One time we received orders that a certain bandit was being sought and should be brought to Rogatshov. This was on Friday. The chief dispatched three militiamen and he himself had to depart. So he directed me that when the bandit was brought in -- Yoshke was his name -- I should, in the meantime detain him in jail. The next day he was, in fact, brought in. I took a look at him, (it was frightening to look at him) big and coarse like space, swift, strange eyes. I began searching and asking for the keys to the jail. He heard this and understood that I wanted to arrest him. He did not expect this because the militiamen fooled him and said that he was being summoned to have money returned to him, which was due his militia. Now he understood, that they had tricked him.

He was very angry with me the entire time. Afterwards, we sent him off to Rogatshov. He sat in jail for three months and returned to his village. Only later did I find out how much of a bandit he was. He had a very big gang and shot many people, killed a Jewish household, and I trembled from his anger.

In the village, as soon as he would see our militiamen, he would always ask them, using the expression: "Is that little Jew still walking around? Is he still alive?" They would pass this on to me, and I went around with my fear, always worried and thought nothing but that this Yoshke and his gang would visit my poor household at night. My life did not agree with me, and I cursed his work. In a short time, my fear was fully reached.

I was asleep at one in the morning and there was a knock at my door. It was a bright night. I looked out through the window. Two Christians, one with a rifle, were shouting: "Open up." I asked who they were, what the wanted. They answered: "Just open up. You will know soon enough!"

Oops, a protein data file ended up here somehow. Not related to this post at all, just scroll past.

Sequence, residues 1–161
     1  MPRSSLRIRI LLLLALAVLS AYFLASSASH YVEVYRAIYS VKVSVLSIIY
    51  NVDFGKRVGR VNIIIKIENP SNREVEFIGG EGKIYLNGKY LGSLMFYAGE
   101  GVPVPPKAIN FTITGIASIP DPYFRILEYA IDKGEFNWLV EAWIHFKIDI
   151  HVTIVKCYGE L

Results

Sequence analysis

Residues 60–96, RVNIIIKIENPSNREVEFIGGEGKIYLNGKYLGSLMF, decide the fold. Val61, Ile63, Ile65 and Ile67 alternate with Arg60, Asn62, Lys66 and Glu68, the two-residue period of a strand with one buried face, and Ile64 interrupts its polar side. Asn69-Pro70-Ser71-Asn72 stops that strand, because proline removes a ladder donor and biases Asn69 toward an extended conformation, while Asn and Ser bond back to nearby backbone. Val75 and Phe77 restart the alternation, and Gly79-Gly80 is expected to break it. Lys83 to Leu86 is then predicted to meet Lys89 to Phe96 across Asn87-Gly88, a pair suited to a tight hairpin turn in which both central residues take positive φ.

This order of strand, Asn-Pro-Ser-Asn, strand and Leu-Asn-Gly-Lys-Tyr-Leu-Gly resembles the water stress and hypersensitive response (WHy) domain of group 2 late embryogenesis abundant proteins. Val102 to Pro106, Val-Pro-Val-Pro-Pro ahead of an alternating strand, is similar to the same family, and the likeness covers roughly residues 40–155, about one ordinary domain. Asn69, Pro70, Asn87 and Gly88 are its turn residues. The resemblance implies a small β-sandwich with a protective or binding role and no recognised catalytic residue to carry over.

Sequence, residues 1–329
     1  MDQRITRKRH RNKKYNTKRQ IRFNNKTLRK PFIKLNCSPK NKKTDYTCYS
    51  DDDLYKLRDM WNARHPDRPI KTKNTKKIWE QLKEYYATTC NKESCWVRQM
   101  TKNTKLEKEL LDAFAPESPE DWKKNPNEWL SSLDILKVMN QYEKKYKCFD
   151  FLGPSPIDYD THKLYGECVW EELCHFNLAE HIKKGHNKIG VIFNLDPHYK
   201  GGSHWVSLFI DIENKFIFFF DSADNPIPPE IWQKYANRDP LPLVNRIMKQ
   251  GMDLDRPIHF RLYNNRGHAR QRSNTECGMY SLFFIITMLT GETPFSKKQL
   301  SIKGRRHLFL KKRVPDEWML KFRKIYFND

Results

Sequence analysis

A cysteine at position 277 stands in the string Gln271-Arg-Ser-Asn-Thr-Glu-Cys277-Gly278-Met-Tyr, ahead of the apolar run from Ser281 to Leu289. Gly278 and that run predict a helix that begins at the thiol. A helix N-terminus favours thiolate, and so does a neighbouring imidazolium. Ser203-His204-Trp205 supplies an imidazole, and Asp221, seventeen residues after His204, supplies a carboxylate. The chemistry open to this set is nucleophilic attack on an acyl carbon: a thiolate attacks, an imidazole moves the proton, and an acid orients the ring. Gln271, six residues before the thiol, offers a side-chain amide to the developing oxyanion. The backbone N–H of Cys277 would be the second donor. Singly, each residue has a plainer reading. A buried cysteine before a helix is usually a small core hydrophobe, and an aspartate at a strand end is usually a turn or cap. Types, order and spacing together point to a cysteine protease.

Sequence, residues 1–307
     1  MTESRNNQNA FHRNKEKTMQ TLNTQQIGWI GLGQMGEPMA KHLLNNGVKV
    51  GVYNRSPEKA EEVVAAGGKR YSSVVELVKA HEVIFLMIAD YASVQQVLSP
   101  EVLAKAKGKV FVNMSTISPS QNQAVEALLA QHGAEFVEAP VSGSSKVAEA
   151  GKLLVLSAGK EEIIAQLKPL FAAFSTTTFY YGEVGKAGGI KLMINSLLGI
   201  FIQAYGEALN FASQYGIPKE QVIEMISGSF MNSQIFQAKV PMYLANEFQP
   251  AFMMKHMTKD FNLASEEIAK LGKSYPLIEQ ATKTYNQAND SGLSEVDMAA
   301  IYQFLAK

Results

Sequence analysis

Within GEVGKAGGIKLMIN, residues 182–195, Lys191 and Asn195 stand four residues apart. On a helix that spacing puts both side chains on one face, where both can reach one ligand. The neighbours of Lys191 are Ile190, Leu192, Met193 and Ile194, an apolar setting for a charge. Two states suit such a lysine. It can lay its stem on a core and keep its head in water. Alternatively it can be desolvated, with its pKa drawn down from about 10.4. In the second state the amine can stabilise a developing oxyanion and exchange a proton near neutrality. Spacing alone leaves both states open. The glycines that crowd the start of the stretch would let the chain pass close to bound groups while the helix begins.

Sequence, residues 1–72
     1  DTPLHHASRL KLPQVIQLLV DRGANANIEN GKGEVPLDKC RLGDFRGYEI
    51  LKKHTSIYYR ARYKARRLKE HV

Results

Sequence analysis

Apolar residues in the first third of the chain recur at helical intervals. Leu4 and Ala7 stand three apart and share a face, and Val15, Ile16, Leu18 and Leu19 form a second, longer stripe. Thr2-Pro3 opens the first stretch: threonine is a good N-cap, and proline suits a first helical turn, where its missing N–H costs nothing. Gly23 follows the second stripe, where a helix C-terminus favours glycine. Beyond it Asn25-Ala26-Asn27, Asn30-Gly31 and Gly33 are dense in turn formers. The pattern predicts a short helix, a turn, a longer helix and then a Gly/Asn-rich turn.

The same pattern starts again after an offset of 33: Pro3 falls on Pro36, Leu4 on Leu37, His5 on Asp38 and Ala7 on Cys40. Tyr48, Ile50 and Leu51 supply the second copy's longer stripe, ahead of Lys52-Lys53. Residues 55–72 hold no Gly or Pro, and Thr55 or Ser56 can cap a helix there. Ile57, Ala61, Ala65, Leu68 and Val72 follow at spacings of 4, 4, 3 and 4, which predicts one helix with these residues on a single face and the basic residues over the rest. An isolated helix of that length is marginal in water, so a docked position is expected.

Frightened, half-dead, I awakened my family - quickly, let's flee! In my house there are two doors, and we did not used to nail shut even one. But because of all of this, we now did. With force we took off the second door, ran out onto the street shouting. But thank God, it turned out that I was needed as a militiaman. In the middle of the night a thief had been caught and I was needed for a rifle. But you can imagine my - and my family's - fear. This and similar things are reflected in my health. But thank God for everything.

Afterwards, Poles came to us and took this Yoshke as a criminal and shot him in our town. Thus a mountain was lifted off of my shoulders. This and much more did many, many suffer here. But enough.

My household now consists of only me and my wife Dishe, two girls Leye and Tsirle. Leye works with my wife. From this we barely survive. I myself sit now without even a bit of work. Tsirle, after seven years studying in Retsitse and in the gymnasium is now in her third year at Kharkov University of Medicine. May the Eternal One grant that we may live to see her as a complete doctor. She suffers greatly from hunger and cold but nevertheless enjoys her studies. Now she is supported by my son Natan with his monthly drafts. She sweetens our life, makes our sorrow forgotten, with her liveliness and happiness and brings us much pleasure, (may no evil eye harm her). She is already her own person, knows foreign languages - German, French, Latin - and what's more, absolutely beautiful. Natan is taking Leye to America.

Copyright © 2001 Belarus SIG, Carolyn Javitch and Sheldon Benjamin